I usually cite the examples of Flickr and IMVU to demonstrate how fast one can deploy software nowadays. I make it crystal clear that I do not expect a global financial institution today to be able to deploy every thirty minutes or every nine minutes as Flickr and IMVU do. However, I stress that the software industry is clearly heading toward a much shorter cycle between concept or problem identification and deployment. I point out that he/she has an opportunity to be ahead of the power curve, to gain competitive advantage in the market through superior velocity in both development and deployment. Obviously, a faster introduction of a new hedging algorithm could make a big difference for a financial institution.

What do I typically hear from the executive in such a conversation?

The responses I usually get tend to reflect the alignment (or lack thereof) between the financial strategy and the operational strategy a company follows:

Customer Driven Testing

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David Anderson, James Shore and I engaged in a Twitter dialog about the post Every Nine Minutes. Our exchange highlights the importance of balancing development, deployment and operations, as follows:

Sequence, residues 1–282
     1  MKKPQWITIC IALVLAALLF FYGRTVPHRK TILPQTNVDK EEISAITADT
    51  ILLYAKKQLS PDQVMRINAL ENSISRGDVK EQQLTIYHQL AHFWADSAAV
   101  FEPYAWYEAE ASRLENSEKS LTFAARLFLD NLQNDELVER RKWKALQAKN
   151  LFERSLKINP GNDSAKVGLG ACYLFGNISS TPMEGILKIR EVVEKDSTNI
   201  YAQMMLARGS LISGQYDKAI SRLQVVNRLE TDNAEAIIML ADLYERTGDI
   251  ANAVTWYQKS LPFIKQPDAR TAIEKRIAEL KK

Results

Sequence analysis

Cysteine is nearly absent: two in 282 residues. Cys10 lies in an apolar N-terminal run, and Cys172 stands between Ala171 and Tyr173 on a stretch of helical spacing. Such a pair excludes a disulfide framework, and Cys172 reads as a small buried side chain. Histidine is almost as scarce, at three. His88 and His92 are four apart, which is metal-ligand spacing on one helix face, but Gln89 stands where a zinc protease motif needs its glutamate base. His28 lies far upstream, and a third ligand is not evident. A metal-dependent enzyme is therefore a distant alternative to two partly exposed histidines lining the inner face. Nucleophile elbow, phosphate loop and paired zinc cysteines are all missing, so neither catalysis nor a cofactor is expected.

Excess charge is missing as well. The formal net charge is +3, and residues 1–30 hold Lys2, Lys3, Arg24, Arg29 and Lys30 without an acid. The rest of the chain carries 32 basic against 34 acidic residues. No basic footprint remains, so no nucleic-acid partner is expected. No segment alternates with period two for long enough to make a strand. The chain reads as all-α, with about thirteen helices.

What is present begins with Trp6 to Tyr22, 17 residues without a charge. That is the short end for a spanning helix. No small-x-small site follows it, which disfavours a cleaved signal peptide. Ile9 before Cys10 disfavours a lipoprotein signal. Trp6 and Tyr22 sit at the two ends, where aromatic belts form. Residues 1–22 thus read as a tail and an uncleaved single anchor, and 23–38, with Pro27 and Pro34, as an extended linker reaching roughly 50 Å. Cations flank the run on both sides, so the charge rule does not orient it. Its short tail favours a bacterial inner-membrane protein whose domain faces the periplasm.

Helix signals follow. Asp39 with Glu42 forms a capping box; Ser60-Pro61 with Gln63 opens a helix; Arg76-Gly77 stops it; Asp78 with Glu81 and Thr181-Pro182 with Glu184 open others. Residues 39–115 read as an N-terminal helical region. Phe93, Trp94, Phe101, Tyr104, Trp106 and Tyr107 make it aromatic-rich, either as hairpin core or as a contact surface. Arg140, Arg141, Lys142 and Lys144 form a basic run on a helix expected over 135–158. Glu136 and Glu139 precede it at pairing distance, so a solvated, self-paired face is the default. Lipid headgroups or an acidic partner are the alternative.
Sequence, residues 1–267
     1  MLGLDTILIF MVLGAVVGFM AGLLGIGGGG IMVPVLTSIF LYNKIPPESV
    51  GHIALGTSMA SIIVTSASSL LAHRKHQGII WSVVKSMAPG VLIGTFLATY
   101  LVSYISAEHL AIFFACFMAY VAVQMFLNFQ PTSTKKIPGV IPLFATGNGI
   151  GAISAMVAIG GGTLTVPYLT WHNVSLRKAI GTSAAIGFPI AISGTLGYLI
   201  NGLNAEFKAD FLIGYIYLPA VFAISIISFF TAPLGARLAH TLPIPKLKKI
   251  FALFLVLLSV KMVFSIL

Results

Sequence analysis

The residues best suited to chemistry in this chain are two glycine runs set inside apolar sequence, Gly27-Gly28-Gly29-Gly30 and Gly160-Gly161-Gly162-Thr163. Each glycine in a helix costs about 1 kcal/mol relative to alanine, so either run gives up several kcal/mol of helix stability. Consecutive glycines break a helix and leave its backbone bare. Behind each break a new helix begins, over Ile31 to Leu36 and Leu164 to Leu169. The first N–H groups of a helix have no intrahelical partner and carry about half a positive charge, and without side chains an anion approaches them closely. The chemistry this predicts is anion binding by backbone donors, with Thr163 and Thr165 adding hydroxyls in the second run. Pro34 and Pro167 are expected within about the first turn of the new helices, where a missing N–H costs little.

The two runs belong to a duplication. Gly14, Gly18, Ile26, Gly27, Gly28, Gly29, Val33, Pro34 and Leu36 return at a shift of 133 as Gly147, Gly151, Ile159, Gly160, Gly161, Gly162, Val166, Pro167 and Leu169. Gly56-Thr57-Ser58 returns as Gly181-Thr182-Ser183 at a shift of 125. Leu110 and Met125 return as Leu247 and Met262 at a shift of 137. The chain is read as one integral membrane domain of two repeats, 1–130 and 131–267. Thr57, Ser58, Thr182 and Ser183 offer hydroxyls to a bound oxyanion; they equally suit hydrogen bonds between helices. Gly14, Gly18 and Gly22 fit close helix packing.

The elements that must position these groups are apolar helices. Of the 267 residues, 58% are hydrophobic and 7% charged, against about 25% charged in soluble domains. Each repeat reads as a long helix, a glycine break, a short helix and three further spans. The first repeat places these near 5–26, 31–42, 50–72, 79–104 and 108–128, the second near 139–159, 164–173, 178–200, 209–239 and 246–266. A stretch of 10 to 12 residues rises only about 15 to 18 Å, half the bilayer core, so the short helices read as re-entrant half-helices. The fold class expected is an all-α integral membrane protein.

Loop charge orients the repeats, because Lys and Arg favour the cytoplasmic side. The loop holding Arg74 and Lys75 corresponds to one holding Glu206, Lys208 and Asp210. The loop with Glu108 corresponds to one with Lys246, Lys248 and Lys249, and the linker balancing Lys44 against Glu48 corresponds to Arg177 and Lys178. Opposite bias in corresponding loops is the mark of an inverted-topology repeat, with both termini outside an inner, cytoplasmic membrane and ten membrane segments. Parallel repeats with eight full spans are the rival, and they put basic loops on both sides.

what concerns me about continuous deployment is it is developer centric. Deployment has a cost for the customer [DA]

Continuous deployment involves automating what must be done anyway. Unless you mean end customer, don’s see the costs you mean [JS]

yes end customer. not everyone wants the UI changing every 9 mins 😉 what about training? marketing? etc..? [DA]

I think that’s an issue that’s raised by, but independent of, continuous deployment, and quite manageable. [JS]

 I want 2 c people talk about this holistically. If deploying more often is better then how do u reduce cost/impact on customer? [DA]

It seems to work quite well for their clientele. Their iterative customer development work might be the ‘secret sauce’ [IG]

is this an aspect of their tech enthusiast, early adopter market? [DA]